The immigrant from Uzbekistan who drove a rented truck into the New York City crowd this week illustrates the extreme difficulty in fighting this war on international terrorism.
How does the United States prevent a lone wolf who enters this country legally — even if he’s been through “extreme vetting” — from committing the act of terror we saw in New York?
Donald Trump says the nation is going to end the visa lottery program that enabled the suspect to enter the country in 2010. Of course, as is the president’s tendency, he has politicized the issue by blaming Democrats for their so-called lax immigration policy; he ignores the fact that the law under question was signed by Republican President George H.W. Bush.
My point on this matter is that lone wolf attacks are going to occur despite our best and most diligent efforts to root out evil doers before they commit their terrible act.
I say this also as someone who supports the president’s desire to implement an “extreme vetting” policy for those seeking to come to this country.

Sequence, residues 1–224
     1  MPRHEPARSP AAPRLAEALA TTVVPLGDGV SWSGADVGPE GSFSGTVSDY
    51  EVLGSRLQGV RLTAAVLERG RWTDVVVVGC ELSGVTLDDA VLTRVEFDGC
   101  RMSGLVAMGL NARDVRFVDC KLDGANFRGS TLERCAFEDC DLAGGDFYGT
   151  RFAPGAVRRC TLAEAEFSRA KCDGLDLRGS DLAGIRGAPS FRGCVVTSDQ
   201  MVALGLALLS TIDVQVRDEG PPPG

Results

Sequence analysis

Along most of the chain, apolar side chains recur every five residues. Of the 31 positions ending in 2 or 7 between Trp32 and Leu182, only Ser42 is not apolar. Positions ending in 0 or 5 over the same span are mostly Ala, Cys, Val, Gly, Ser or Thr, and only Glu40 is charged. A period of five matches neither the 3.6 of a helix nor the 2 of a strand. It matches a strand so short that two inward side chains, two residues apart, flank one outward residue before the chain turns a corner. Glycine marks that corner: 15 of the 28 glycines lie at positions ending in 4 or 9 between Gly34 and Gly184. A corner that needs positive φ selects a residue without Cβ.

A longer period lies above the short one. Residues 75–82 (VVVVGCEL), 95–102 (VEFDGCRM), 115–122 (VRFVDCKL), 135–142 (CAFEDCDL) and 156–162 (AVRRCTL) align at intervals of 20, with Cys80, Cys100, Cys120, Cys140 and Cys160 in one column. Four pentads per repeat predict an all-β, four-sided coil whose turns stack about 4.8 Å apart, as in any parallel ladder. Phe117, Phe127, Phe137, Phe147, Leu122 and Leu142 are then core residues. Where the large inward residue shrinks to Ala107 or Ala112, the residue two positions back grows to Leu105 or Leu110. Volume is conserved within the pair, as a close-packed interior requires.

But let us not forget, too, that homegrown Americans are capable of committing infamous and dastardly acts. The Las Vegas massacre this summer; the Oklahoma City bombing in 1995; the Sandy Hook Elementary School massacre; the Charleston, S.C., church slaughter? All of those evil men were native-born, corn-fed Americans; they only represent a fraction of the carnage committed by American-born terrorists.
The Uzbek suspect came here under an existing policy. There reportedly was no sign that he harbored pro-Islamic State sympathies. He became radicalized while living among Americans.
Then he took out his rage. This is why the war against international terrorism is so damn difficult to wage.